Messed Up Review

Messed Up
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"Messed Up" is one of those books that catches you by surprise. I am an English teacher at a low income area school that provides education for both middle AND high school students, all in one building. I have a few male students that "hate" to read, one being a Mexican American 16 year old. As I started to read some young adult novels for pleasure and for research, I found one book that I thought he might like. After asking him to please five it a try, he came back to be 4 days later and said he had finished the 400 page book! I then realized that he didn't hate to read, he just needed a book that he could relate to.
That being said, I was in the local library and came across "Messed Up." I remembered seeing the book at Barnes & Noble awhile ago but for some reason it was not at the top of my list to buy. Since it was sitting there at the library, I borrowed it.
Okay onto my review. First of all, since the book mentioned that the main character is Mexican American, I assumed the author was going to fill the pages with a minority that is struggling in a white society, how he doesn't fit in because of his nationality, etc. But I was wrong. The experiences J.D. goes through in the story makes a person realize that this could happen to anybody. There are many kids out there-- white, black, Spanish-- that come from very rough home life. Their parents are alcoholics, or their parents are separated. Or both parents are so messed up that the kids are stuck in foster homes or left to live with elderly grandparents.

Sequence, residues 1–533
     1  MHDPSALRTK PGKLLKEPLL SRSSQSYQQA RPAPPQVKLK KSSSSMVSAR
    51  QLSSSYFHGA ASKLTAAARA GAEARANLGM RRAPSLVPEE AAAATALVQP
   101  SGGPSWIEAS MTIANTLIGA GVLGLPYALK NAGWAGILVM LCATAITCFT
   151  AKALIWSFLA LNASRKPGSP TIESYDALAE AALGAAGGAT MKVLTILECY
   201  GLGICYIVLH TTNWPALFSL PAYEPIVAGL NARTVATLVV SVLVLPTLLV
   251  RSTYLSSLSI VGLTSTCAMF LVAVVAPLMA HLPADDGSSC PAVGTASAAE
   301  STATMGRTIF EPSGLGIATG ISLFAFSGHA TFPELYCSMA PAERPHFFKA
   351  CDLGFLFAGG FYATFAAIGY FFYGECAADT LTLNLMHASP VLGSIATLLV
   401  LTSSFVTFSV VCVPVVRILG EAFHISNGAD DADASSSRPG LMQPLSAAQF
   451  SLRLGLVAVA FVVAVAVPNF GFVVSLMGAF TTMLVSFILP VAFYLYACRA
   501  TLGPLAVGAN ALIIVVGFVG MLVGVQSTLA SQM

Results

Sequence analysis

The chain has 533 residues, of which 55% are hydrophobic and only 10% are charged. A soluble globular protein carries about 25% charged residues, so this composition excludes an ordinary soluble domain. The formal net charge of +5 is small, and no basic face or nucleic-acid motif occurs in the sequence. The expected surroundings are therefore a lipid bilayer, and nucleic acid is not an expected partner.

I liked this book because at first it reminded me of a movie I saw called, "Don't Tell Mom the Babysitter's Dead." J.D. comes home one day late from school to find his grandfather dead on the bathroom floor. While he does the right thing by calling 911, he decides to wait to contact his grandfather's sister since he remembers how mean she is. Somehow he convinces the police that have arrived that he isn't alone. From there he decides not to tell anyone about the death of his grandfather. Somehow J.D. gets away with living on his own without anyone realizing that a 15 year old is living in a big house by himself. The majority of the story is following J.D. around as he learns how to survive on his own. Simple tasks, such as remembering to take a shower, to doing laundry, to how to bake a potato, to remembering to put milk in the frig so it doesn't go sour-- these are all the things J.D. learns how to do on his own. I found myself laughing at some of his mistakes while sympathizing with him at the same time.
I also like the language of the novel. The author really does a good job at making it feel like we are reading about a teenage boy. She uses incorrect spelling on purpose to give the story an authentic feel. J.D. would use words like, "sez" instead of "says" or "cuz" instead of "because." I think students that read this book will relate better to the character because of the language that he uses.
While this book may not be challenging enough for students that like to read, this is a perfect novel for students that are reluctant readers or teenagers that you personally know that have rough upbringings that need a little inspiration!

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